*. Here’s a movie I didn’t like at all.
*. The concept is very simple: the bad guy as hard-ass avenger. The inspiration may have been Point Blank, though this connection is denied by Soderbergh and writer Lem Dobbs on the DVD commentary.
*. Be that as it may, what I said in my notes on Point Blank is that it has one of the simplest plots ever. This movie is even simpler. British tough guy — identified only by his last name, “Wilson” — comes to L.A. to avenge the death of his daughter, a death that he knows damn well was no accident. He also knows who was responsible. And of course he’s right on both counts.
*. How to make such a story interesting in the twenty-first century? Steven Soderbergh had two ideas. First: fragment the narrative so that we’re jumping all over the place in terms of the actual chronology of events. Second: cast a bunch of veteran actors so that there’s a ’60s sub-theme.
*. I don’t think either of these ideas is very interesting, or new.
*. Soderbergh keeps saying on the commentary that he was trying to find a new way to tell a story. But at the same time he mentions all his avant-garde influences from the 1960s. If you’re consciously borrowing from Godard or Boorman, are you really telling a story in a “new” way?
*. And in terms of experimentation this film isn’t even all that unorthodox. Pulp Fiction was less linear. I found the presentation here jarring, but never disorienting or confusing. The basic storyline had no kinks or twists in it, and even if it did the story is so simple there’s no way you could get lost or confused by it.
*. Soderbergh is a slick director. He can also be flashy. Sometimes it works, sometimes it’s a distraction. Here it’s a distraction, and annoying. My main evidence would be the scene where Wilson explains himself, sort of, to the DEA chief (Bill Duke). It’s not that long a speech, running just over a minute. But by my count there were 21 cuts. Why? Why not just let Stamp deliver his lines? Most actors love having a set-piece monologue like that, it’s something they can really work. But here Soderbergh steals all the thunder, and for what purpose? To what end?
*. As far as a commentary on the ’60s and ’70s goes, what is the message? Some stoners got rich by selling out (Fonda), others went to jail (Stamp). They made better movies back then. They might have had better music too.
*. Barry (Vanishing Point) Newman at least looks like he’s having a bit of fun with his part, like he knows the joke. Luis Guzman seems to have no idea what he’s doing in such a film, and if he were to have asked me I wouldn’t have been able to help him.
*. Then there’s Fonda and his watery nymph. I want to ask how a part as vapid as “Adhara” (Amelia Heinle) ever got into this film. The brainless gangster molls of yesteryear had nothing to this accessory. I want to ask that question, but another comes hard on its heels, elbowing it out of the way. How did a part as vapid as Valentine (Fonda) ever get in here?
*. Is Peter Fonda the dullest actor in the history of film? He must be on a shortlist. He’s likeable enough, but everytime I see him on screen I want to get up and go do something else until the movie starts up again. He’s like a one-man commercial break. Here he doesn’t seem remotely interested in anything that’s going on and perhaps the best that can be said for him is that he’s well cast as the lightweight villain of the piece. Does it even matter what happens to him at the end? Who cares?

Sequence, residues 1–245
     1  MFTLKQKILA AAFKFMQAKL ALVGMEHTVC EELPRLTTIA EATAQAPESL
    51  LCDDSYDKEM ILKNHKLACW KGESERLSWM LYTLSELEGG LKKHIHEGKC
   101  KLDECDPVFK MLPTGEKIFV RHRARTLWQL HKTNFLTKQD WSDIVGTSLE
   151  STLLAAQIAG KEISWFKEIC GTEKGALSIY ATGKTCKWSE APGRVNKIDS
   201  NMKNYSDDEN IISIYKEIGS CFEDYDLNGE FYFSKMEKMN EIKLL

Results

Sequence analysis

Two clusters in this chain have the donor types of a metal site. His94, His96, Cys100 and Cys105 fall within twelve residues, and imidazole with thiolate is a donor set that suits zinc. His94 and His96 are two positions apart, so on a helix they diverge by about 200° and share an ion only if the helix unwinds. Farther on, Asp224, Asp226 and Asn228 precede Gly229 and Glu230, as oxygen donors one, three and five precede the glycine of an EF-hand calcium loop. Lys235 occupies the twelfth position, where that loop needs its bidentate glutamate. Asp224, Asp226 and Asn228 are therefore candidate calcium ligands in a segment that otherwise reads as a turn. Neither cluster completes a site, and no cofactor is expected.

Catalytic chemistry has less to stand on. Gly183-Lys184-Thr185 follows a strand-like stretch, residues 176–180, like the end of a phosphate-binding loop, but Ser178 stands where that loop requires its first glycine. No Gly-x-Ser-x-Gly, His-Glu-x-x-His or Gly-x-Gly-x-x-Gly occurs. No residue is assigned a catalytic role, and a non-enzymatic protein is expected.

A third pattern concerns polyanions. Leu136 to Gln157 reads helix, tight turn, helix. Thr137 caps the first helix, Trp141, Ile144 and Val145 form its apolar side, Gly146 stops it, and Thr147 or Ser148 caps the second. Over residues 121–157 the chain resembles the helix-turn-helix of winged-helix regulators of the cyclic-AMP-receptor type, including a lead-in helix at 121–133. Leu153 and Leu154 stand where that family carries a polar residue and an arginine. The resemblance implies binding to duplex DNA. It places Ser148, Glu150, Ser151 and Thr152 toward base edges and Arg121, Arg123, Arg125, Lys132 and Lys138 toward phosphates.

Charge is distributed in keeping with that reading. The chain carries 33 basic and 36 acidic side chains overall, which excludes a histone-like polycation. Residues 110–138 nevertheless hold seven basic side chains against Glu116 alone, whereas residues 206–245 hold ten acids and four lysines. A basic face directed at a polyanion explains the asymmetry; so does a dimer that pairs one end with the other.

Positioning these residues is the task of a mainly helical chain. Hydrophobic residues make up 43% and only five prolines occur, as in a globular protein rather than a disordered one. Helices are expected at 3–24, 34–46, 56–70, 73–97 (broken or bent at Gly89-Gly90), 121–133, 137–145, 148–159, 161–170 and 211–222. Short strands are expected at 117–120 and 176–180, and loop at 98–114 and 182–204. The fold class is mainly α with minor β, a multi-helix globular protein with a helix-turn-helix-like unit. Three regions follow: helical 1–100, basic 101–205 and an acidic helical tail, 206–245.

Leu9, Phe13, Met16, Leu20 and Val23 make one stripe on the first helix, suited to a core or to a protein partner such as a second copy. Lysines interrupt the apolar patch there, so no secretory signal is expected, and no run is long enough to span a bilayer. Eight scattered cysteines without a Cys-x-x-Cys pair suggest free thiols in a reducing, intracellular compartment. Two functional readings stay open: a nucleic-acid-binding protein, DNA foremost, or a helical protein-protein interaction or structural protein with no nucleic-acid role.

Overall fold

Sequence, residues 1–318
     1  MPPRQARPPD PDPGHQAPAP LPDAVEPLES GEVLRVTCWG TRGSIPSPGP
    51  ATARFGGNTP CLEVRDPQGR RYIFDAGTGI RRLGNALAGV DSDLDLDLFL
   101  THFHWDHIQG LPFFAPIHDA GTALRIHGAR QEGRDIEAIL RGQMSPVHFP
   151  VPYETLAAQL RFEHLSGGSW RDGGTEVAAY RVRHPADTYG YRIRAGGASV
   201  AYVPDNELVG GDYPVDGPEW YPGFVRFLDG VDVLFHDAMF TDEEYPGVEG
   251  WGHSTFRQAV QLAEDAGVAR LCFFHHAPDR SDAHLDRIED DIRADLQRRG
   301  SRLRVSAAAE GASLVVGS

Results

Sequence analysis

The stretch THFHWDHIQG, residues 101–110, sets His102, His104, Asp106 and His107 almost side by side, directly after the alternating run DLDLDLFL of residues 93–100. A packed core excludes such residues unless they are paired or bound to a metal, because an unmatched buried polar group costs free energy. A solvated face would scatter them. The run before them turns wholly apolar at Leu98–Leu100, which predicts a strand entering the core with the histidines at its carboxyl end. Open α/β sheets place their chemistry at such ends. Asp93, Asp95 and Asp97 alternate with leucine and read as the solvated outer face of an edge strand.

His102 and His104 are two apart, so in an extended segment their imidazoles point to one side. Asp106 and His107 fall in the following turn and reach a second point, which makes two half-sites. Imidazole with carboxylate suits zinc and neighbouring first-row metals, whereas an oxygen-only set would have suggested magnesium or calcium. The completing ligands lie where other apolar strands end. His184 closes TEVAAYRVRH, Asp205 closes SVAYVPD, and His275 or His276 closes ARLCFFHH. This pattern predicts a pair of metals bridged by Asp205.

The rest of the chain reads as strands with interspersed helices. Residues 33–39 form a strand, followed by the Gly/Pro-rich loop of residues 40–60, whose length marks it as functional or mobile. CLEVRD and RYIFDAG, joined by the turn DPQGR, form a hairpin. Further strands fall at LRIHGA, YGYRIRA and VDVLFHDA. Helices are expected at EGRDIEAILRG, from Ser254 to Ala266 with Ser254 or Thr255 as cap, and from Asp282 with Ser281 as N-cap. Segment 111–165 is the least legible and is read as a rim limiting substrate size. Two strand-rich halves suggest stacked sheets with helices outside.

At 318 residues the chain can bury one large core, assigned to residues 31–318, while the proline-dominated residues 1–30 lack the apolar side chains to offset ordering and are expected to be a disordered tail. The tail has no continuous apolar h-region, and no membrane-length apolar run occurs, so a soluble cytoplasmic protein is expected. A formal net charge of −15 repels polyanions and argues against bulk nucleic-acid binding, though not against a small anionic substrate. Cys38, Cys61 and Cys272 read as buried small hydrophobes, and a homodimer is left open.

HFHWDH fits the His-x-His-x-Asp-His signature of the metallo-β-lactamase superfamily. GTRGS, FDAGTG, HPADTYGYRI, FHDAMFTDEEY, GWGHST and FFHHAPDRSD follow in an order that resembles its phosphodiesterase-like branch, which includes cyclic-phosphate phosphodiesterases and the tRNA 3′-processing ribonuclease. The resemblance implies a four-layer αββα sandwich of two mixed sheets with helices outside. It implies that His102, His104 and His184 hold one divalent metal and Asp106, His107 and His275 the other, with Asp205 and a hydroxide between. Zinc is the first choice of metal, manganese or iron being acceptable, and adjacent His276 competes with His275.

*. Put Adhara and Valentine together and you have . . . nothing. The bland addressing the bland. And they’re given several scenes of extended, inane dialogue together. On top of that is the fact that they’re both so unsympathetic and unappealing. She is a kept girl, a plaything some 35 years younger than her owner. He is a googling sugar daddy with an open wallet and nothing interesting coming out of his mouth.
*. The best part of the movie is the DVD commentary with Soderbergh and Dobbs. Dobbs is refreshingly frank in his critique of the film and Soderbergh’s mishandling of his script, and Soderbergh does a good job defending himself. I enjoyed their back-and-forth all the more because I thought they both did a bad job.
*. Dobbs wanted the movie to spend a lot of time showing Wilson thinking. Normally, this is something I endorse wholeheartedly, but here it’s a waste. Wilson’s thought processes are not mysterious. He’s not a complicated man. He has a clear motive and goal, which he declares at the beginning and follows unswervingly to the end. Beyond this, which I suspect is all there is, it doesn’t much matter what he’s thinking, does it?
*. For his part, in his commentary over the Big Sur finale Soderbergh raises the problem he has when filming something that isn’t “like” anything in his or the audience’s experience. I did not feel that way at the end. I knew exactly what I thought this part of the movie was “like.” The cowering people in the isolated cabin being picked off one by one by the killer(s) outside transported me to Camp Crystal Lake and the Friday the 13th franchise. And that is not a comparison that is to The Limey‘s advantage.
*. It’s a standard gesture for reviewers to describe something as “interesting” when they don’t find it very good or particularly enjoyable. The Limey is a movie that tries very hard to be interesting, but isn’t. In fact, I think this is one of the most flat-out uninteresting movies ever made. And it sure isn’t good. So that leaves me with not much to say.